This Sermon was delivered at St Mary’s Diss at the Midnight Eucharist for Christmas 2019. Readings: Luke 1:26-2:20.
Lord, Let the words of my mouth and the meditations of all our hearts be pleasing in your sight, our Rock and Our Redeemer. Amen.
I wonder if any of you have had a similar experience to my own in the last few days. I realised that I’d forgotten to get something which I think of as being one of those details that makes Christmas, Christmas. I’d forgotten to buy a couple of bags of those Gold Chocolate coins. It may sound daft but my family would always have them each Christmas and I realised that when we did our Christmas shopping orders I’d forgotten to order any. So I popped into the store quickly to buy some. I say quickly, clearly everyone else in town was also in the store! It was heaving and I found myself wondering about other people’s Christmas Traditions. What details is it that makes Christmas Christmas for the others in the store? I saw people with chocolates, with party crackers. I saw people with different cheeses, and some peculiar folk with far too many brussel sprouts.
This idea of Christmas traditions is an interesting one in our house because my wife, the Lovely Linnea, is Swedish, and the Swedish like various other european cultures, celebrate their Christmas today on the 24th. So for lunch we have had Christmas Ham, Beet Salad, potato bake and, of course, meatballs! We’ve actually had our stockings today joined in the time honoured swedish tradition of watching the Disney Christmas Special, “Donald Duck and his Friends wish you a Merry Christmas!”
Yes, each year at 3pm Sweden sits down and watches Donald Duck.
For each of us here tonight, gathering for the Midnight Service is one part of what makes Christmas, Christmas. We have gathered here in this building where people have gathered for some 800 years, and has looked similarish to this for 600 years.
Can you imagine being able to observe the rhythm of life which this building has witnessed?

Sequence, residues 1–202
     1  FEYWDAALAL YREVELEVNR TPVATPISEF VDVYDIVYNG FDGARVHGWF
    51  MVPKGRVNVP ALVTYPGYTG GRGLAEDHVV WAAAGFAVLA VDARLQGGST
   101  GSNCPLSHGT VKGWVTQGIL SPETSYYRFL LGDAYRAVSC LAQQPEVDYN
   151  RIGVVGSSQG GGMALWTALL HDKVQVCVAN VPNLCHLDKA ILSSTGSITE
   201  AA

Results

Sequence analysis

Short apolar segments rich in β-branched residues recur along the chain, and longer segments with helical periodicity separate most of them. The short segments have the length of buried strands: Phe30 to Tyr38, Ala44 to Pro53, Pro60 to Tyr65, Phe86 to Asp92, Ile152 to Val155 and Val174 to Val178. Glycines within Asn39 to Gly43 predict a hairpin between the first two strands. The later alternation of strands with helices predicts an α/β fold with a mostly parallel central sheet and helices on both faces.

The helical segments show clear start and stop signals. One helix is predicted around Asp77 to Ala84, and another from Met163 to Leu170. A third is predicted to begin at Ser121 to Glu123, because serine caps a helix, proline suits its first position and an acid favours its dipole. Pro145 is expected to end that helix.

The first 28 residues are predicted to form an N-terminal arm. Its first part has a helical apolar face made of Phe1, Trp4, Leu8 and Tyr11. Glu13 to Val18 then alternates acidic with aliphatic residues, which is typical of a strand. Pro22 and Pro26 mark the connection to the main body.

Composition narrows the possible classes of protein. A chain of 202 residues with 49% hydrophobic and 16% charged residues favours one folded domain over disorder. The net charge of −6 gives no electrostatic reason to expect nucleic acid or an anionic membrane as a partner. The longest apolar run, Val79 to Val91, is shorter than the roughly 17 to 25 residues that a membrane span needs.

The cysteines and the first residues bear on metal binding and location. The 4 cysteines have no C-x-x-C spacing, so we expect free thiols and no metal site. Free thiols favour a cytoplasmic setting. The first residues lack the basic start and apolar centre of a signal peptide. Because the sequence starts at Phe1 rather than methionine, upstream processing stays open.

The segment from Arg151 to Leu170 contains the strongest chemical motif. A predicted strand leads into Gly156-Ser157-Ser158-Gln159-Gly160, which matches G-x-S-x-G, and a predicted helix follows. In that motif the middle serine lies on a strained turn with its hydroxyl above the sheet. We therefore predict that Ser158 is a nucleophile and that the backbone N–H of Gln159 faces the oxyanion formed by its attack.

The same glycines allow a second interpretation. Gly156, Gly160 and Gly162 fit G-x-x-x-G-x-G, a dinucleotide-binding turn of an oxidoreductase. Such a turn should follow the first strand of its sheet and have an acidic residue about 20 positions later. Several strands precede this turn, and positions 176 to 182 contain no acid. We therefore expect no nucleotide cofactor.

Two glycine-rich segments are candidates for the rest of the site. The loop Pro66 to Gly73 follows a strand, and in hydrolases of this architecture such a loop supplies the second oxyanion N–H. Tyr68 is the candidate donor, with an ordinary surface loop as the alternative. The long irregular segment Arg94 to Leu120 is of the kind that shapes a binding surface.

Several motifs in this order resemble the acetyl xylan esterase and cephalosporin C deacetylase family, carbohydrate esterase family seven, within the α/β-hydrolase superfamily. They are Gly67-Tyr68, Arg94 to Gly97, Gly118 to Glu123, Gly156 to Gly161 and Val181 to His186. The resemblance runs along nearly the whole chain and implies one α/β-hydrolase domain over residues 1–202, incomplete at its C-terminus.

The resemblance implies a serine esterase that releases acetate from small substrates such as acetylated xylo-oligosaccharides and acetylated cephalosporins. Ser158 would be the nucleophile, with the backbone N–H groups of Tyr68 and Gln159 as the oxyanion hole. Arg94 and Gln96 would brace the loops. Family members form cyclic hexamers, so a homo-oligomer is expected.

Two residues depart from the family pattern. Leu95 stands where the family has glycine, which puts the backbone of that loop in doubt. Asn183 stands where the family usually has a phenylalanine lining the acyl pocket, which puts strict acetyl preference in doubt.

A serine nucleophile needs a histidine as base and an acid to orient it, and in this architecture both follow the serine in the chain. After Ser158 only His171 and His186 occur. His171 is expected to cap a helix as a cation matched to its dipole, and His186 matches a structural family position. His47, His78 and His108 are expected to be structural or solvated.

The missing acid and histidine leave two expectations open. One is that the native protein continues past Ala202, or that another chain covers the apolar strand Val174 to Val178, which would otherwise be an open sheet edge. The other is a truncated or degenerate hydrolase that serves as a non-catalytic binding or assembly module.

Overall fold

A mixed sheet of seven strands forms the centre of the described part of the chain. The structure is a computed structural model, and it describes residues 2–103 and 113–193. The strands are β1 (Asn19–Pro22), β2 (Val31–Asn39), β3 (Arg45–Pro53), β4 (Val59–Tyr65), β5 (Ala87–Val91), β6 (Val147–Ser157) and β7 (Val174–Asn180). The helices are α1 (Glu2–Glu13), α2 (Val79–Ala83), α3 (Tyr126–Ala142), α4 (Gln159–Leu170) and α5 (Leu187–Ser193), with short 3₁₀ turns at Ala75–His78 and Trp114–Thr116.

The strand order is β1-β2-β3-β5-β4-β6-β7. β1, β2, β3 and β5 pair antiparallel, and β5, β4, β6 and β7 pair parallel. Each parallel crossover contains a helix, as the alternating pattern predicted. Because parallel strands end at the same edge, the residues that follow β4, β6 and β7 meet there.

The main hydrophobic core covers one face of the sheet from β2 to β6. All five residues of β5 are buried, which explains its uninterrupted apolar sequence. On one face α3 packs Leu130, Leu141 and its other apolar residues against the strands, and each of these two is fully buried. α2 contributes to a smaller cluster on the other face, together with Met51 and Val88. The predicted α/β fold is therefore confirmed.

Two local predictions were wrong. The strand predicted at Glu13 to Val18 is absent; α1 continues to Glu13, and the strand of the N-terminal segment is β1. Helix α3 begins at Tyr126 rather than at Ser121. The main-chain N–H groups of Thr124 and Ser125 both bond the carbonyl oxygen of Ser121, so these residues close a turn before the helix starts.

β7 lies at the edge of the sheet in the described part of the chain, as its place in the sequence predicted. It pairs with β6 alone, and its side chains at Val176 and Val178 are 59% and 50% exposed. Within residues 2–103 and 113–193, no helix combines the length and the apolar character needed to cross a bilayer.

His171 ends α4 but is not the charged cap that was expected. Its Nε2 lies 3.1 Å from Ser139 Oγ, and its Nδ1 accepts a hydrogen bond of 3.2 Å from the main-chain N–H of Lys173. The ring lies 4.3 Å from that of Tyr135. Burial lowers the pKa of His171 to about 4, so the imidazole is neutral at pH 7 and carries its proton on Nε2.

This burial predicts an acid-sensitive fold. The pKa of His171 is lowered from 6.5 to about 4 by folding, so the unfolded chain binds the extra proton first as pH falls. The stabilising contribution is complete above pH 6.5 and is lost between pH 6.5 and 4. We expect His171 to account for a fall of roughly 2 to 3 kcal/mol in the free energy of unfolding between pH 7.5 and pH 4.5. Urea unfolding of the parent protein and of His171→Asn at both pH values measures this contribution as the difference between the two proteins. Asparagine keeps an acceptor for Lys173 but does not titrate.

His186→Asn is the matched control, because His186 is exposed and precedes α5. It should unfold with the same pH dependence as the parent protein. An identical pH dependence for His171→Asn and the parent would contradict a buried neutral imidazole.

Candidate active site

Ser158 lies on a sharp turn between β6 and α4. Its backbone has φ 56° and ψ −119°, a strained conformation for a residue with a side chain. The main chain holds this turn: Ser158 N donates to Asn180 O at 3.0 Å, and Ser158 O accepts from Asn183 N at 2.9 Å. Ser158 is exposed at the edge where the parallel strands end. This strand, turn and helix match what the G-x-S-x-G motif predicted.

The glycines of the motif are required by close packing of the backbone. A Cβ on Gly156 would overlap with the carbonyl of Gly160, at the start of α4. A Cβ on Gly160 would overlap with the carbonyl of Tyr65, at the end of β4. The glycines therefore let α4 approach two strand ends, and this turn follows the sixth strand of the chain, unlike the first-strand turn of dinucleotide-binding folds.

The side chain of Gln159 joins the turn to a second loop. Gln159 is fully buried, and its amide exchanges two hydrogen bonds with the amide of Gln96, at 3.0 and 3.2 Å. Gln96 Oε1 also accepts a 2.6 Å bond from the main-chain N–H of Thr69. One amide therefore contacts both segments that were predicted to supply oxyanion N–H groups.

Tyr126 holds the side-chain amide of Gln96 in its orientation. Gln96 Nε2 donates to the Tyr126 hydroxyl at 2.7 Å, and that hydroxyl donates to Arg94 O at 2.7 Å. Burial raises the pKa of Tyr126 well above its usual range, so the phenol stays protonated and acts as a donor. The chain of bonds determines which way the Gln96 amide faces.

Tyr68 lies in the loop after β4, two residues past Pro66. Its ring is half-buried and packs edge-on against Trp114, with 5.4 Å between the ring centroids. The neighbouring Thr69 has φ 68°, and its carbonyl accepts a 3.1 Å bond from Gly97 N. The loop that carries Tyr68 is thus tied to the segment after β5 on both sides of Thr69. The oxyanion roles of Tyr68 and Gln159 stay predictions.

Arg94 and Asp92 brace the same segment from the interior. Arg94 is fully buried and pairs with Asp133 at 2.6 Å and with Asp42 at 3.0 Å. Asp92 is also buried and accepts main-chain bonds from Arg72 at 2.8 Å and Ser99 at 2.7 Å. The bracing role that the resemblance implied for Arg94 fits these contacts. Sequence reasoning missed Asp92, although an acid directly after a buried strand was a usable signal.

The ebb and flow of the years and generations of people gathering to pray and worship. Visualise families bringing babies for baptism at the back, gathering to celebrate couples standing right here to get married. Standing to comfort one another for funerals. Have you seen those time lapse videos in David Attenborough documentaries or of the hustle and bustle of city life such as the intro credits for Sherlock? Imagine the same sense of the rhythm of life which this church has seen as year in and year out people like us, indeed for some of you people who were your grandparent’s great grandparents, gathered, like us because somehow the midnight service helps make Christmas, Christmas.
There’s something about this building at this time which draws us in. It’s as if there’s a rightness to it; perhaps a sense of connectedness, of being a part of the history of not just this Church but of our town, and indeed our country.
Having been drawn to this place we encounter this atmosphere. Look around you, take it in. There’s the candles, there’s the people. We’re singing carols and hearing the familiar nativity story of Angels, shepherds, a virgin and her baby boy laid in a manger because there was no room at the Inn.
As stories go, it somehow manages to be oddly reassuring and perplexing all at once. A Virgin gives birth. Angels talk of God’s Son, who will be a Saviour.
There’s a mix of the utterly ordinary – a normal young girl, shepherds looking after sheep – and of the extraordinary and divine. Angels, prophecies and God being born as a human baby.
Clearly this is the beginning of a much larger story. It’s an introduction to Jesus, and an invitation to want to find out more about what he’s going to do, and who he will be – not just in the story, but in the history which has shaped and influenced our lives. This story of Christmas is in a sense the foundations of this building to which we have been drawn to tonight.
Our sense of connection, of being a part of a larger ebb and flow of life in this place is at its heart a sense of connection to Christmas, and through Christmas to the God who became Jesus so that he could by his life, death, and resurrection become our saviour.
In a short while we, like those who have gone before us and those who will come after us, shall head to the altar rail. We do so to play our part in this ongoing Christmas story of faith, whether we are confident in Jesus as our Lord or whether we simply wish to reach out and encounter God afresh or for the first time.
Because at its core, the Christmas story with its angels and shepherds, its virgin mother and a baby in a manger, is the story of the God who comes close to us and blesses us.
And different traditions aside,
that’s what makes Christmas, Christmas.